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as is the fact, of their being quite excluded from the way, the way is supposed to be contrived expressly for their accommodation !
According to this corrected view of the literal sense, the spi. ritual sense also becomes clear, and is seen to be beautiful. It appears to be as follows:
“ A highway and a way is the doctrine of truth and goodness: It shall be called the way of holiness, denotes its purity, as grounded in the Divine Truth itself: No unclean (person] shall pass over it, signifies, that no evil shall enter into and pervert it: But He Himself shall be with them, signifies, that the Lord Himself will be present with His people, in the inmost of all; walking in the way, denotes, communicating instruction and spiritual life: And fools shall not wander in it, signifies, that there shall be no false principles grounded in evil, causing to go astray."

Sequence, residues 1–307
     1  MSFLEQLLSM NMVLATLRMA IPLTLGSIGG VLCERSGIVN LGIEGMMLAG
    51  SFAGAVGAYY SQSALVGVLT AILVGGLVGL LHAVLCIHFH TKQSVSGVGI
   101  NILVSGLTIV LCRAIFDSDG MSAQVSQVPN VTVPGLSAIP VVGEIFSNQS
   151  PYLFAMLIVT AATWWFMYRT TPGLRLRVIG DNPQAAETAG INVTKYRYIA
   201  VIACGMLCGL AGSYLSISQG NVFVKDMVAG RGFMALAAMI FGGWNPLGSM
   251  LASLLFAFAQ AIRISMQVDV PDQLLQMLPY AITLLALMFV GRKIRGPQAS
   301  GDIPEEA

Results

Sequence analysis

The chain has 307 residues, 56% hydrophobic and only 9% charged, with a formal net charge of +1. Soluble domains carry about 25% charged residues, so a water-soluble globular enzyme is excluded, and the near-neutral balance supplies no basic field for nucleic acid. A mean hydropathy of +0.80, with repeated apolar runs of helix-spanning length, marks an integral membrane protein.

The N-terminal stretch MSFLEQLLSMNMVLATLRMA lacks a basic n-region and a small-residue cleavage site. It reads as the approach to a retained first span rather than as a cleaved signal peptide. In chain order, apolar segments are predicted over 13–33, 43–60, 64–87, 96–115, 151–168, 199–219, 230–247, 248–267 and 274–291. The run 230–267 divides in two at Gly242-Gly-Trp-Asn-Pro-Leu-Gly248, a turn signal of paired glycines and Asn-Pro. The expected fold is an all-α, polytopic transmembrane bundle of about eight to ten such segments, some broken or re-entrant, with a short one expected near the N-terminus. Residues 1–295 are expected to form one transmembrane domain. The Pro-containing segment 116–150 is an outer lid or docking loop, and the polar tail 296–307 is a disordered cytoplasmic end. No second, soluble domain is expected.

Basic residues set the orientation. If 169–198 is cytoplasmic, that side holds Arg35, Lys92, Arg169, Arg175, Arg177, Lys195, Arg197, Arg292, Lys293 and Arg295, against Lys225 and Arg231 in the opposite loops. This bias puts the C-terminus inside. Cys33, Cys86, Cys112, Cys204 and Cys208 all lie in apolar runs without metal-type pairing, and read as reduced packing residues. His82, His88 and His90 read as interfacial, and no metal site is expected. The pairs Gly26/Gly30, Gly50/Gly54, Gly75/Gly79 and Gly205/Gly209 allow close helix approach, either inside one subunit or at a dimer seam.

Il. We will next notice a text, not because it is wrongly translated, but because it is often understood as if it were wrongly translated; that is, as if the words of the translation were different from what they are..
In connexion with the above passage of Isaiah, when applied to prove the extreme simplicity which, some suppose, was to characterize the whole doctrine of the gospel, is often cited, with the same view, Hab. ii. 2.
“ And the Lord answered me and said, Write the vision, and make it plain upon tables, that he may run that readeth it.”